As you follow the debate over the Bush-Kennedy immigration bill, keep this cardinal rule in mind: 99.99 percent of the lawmakers who promise you that they'll ensure the deportation of anyone who doesn't follow their new "guest-worker" regulations are either A) lying or B) completely clueless.
Rule No. 2: Anyone who plays the Enforcement equals Kicking-Down-Doors-And-Depriving-Babies-of-Mother's-Milk card (yes, that's you, Geraldo Rivera) is either A) lying or B) completely clueless.
As I've reported many times over the last several years, the nation's deportation abyss is governed by one reality: "It ain't over 'til the alien wins." Immigration lawyers and ethnic activists run a massive, lucrative industry whose sole objective is to help illegal aliens and convicted criminal visa holders evade deportation for as long as possible. Entry into this country should be a privilege, not a right. The open borders lobby has turned that principle on its head.
Look no further than New York, where four convicted criminal aliens -- a child molester, two killers and a racketeer -- just won a federal lawsuit to remain in the country after all being ordered deported. The stunning decision from the Second Circuit Court of Appeals, Blake v. Carbone, came down on June 1 as the shamnesty debate was bubbling in Washington. The ruling, which hinges on convoluted due process arguments, will greatly expand the number of criminal aliens convicted of certain aggravated felonies who can now receive relief from deportation. This is happening despite the passage of two federal immigration reform laws in 1996 severely restricting deportation waivers for criminal aliens convicted of aggravated felonies.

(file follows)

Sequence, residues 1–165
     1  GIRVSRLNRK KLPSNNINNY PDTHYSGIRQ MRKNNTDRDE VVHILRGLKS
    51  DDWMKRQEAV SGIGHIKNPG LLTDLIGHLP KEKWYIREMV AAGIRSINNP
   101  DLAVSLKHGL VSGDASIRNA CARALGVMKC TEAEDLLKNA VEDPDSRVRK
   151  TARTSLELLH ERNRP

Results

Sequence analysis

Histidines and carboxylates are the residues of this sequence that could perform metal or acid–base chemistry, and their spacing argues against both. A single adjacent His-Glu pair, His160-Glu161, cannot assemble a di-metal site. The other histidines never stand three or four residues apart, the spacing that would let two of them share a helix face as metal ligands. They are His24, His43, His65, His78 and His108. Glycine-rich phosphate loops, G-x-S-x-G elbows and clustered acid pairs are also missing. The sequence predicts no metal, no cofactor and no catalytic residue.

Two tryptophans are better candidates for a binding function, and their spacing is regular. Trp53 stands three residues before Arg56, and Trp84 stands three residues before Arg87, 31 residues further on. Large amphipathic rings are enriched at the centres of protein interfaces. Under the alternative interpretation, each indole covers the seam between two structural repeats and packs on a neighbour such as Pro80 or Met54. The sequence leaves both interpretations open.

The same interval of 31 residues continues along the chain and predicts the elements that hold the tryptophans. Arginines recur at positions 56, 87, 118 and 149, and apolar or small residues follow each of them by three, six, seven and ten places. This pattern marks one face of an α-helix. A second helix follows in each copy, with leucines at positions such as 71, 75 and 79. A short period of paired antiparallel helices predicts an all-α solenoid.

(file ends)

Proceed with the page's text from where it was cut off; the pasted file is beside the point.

The lead winning plaintiff, Leroy Blake, is a Jamaican national convicted of first-degree sexual abuse of a minor in 1992. The feds began deportation proceedings in 1999. An immigration judge ruled Blake deportable in 2000. Blake took his case to the federal Board of Immigration Appeals, which remanded the case back to the immigration judge, who granted him relief from deportation. The then-INS appealed the judge's ruling. In 2005, the Board of Immigration Appeals sided with the INS and ordered Blake removed from the U.S. Blake filed a motion to reconsider, then took his case to the Second Circuit.
The other plaintiffs who've successfully gamed the system include:
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